Helps Fight Diseases
There have been several studies showing that vitamin D may be effective in boosting your immune system and helping to fight various diseases. In 2010, research showed that vitamin D could also help to reduce the likelihood of developing the flu. One 2006 study showed that vitamin D was able to reduce the risk of developing multiple sclerosis. Further findings in 2008 found that vitamin D may actually be able to decrease your chance of developing heart disease. One study even linked 2,000 IU of vitamin D per day to a 78% reduced risk of type 1 diabetes.
Vitamin D and Depression
Several studies have looked into the effect that vitamin D can have on depression. One study showed that people with depression who took vitamin D supplements were able to notice an improvement in their symptoms. Another study found that vitamin D deficiency was actually more common in those who were also experiencing anxiety and depression.
Helps Weight Loss
This one may be surprising, but vitamin D has been shown to boost weight loss. One study found that people who took daily calcium and vitamin D supplements were able to lose more weight than those who took a placebo. The reason behind this was the appetite-suppressing effect that the supplements had on the individuals in the study; the supplements made them less hungry, so they ate less and lost weight.
Stronger Bones and Muscles
We know that vitamin D has a strong ability to help assist in the maintenance of bone strength. However, research has shown that higher doses of vitamin D can actually help prevent osteoporosis and fractures from falling in older adults. Vitamin D has also shown promise in assisting physical strength, with research finding that it helps in both upper and lower limbs.
Can You Take Too Much Vitamin D?
Like most vitamins, there is such a thing as “too much of a good thing.” The normal blood serum levels of vitamin D typically range from 50 to 100 micrograms per deciliter. Generally, the recommended IU per day for children, teens, and adults up to age 70 is 600 IU. When it comes to adults over the age of 70, the amount increases to 800 IU because the elderly are more likely to be deficient in vitamin D.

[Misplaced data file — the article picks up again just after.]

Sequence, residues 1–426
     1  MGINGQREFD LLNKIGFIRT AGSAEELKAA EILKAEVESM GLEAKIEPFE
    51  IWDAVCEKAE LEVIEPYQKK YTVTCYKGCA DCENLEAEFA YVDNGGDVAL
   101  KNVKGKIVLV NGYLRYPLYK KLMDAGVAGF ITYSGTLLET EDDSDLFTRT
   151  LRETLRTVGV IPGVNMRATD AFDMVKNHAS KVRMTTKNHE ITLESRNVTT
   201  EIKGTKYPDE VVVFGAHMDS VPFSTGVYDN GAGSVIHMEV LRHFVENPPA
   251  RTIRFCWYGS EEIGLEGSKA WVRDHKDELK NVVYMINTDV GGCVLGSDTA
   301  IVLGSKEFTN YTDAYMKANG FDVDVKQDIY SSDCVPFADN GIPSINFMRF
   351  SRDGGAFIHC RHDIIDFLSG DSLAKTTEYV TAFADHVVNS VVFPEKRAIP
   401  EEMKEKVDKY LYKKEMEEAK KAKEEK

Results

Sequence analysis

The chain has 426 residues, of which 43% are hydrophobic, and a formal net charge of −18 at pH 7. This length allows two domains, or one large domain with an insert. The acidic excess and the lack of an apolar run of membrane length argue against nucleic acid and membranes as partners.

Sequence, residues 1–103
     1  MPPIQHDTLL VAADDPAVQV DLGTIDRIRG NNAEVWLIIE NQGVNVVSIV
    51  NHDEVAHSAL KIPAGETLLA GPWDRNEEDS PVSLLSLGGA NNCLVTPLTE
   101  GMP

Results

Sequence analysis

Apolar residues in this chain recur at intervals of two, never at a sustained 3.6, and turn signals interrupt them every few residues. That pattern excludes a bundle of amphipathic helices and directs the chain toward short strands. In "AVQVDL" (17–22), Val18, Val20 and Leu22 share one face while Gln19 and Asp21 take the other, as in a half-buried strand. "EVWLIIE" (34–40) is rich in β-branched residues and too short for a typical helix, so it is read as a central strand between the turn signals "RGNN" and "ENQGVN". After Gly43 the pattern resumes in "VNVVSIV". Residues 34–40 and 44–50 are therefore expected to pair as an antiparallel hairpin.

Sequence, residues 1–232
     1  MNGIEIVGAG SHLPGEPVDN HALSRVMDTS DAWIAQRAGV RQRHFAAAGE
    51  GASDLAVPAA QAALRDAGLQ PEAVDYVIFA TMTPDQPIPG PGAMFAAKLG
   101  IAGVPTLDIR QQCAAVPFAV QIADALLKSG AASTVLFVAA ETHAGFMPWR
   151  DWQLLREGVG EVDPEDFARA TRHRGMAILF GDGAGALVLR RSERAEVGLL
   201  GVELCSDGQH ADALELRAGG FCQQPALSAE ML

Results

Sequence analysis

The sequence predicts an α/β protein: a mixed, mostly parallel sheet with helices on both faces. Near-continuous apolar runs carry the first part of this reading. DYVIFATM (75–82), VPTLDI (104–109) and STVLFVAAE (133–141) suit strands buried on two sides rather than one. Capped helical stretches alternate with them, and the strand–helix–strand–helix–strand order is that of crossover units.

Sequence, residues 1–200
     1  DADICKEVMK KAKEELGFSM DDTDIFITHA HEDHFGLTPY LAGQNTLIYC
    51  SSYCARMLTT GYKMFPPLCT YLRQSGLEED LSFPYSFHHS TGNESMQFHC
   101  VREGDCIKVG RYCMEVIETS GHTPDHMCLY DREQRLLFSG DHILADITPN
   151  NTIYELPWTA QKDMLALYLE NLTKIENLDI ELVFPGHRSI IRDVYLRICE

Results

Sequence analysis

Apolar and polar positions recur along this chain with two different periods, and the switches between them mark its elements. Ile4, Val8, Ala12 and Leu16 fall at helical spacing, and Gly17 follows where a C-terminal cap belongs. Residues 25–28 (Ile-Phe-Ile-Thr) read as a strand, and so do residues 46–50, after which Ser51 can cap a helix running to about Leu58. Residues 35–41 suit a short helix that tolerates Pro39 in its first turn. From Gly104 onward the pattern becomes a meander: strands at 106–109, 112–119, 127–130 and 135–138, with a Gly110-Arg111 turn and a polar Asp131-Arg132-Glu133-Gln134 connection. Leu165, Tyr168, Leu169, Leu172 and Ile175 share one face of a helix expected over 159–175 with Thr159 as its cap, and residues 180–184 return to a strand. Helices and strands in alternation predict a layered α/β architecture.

According to the US National Academy of Medicine, the safe daily intake of vitamin D is 4,000 IU. Anything more than that may be dangerous to the body and lead to vitamin D toxicity.
Vitamin D Toxicity
Also called hypervitaminosis, vitamin D toxicity is a very rare condition. However, unlike vitamins like vitamin C, it’s fat-soluble instead of water-soluble. This means that the body has no easy way of getting rid of it, so an excessive amount of vitamin D can actually build up inside the body.
People with symptoms of vitamin D toxicity usually have levels above 150 ng/mL in the body. This is generally caused by an excessive dose of vitamin D supplements because it’s relatively difficult to get excess vitamin D from diet and sunshine alone.
Research has shown that a daily intake ranging from 40,000 to 100,000 IU for one to several months can cause vitamin D toxicity in humans. This condition is usually reversible, but severe cases of vitamin D toxicity can eventually cause kidney failure and calcification of the arteries if gone unchecked.
Vitamin D Side Effects
One of the most common side effects linked to vitamin D toxicity is hypercalcemia, which is characterized by a buildup of calcium in the blood. Nausea, vomiting, diarrhea, constipation, and weakness are all early symptoms of hypercalcemia. Further down the line, you may experience excessive thirst, an altered state of consciousness, high blood pressure, kidney failure and kidney tube calcification, and hearing loss. It usually takes a few months to resolve hypercalcemia because of how slowly it’s released into the body, due to it being stored in the body’s fat.
While vitamin D is important for proper calcium absorption and bone metabolism in order to maintain strong bones, having too much may actually have the opposite effect. Contrary to most symptoms of vitamin D toxicity, bone loss is a symptom that may happen due to large doses leading to low levels of the vitamin K2 in the blood. This is because vitamin K2 is vital for keeping calcium in the bones and out of the blood; research has shown that very high vitamin D levels may reduce the activity of vitamin K2.
Difference Between Vitamin D and D3
Vitamin D2 (chemically known as ergocalciferol) can be found in the following food sources:
- Mushrooms grown in UV light
- Fortified foods
- Dietary supplements
Vitamin D2 is much cheaper to produce that vitamin D3 because it comes from plant-sourced foods, making it the much more commonly found form in fortified foods. Similar to how sunlight on the skin creates vitamin D3, UVB light exposed to plants and mushrooms forms vitamin D2.
Vitamin D3, with the chemical name cholecalciferol, differs from vitamin D2 because of its food sources. You can mainly find vitamin D3 in:
- Oily fish
- Egg yolks
- Dietary supplements
When your skin is exposed to sunlight, the type of vitamin D that is made is vitamin D3. When it comes to effectiveness, vitamin D3 may actually be more effective at boosting the vitamin D levels in your body. This is because vitamin D3 when metabolized in the liver, is able to yield much more of the main circulating form of vitamin D (called calcifediol). One study found that a single dose of vitamin D was almost twice as effective as vitamin D2 in raising levels of calcifediol.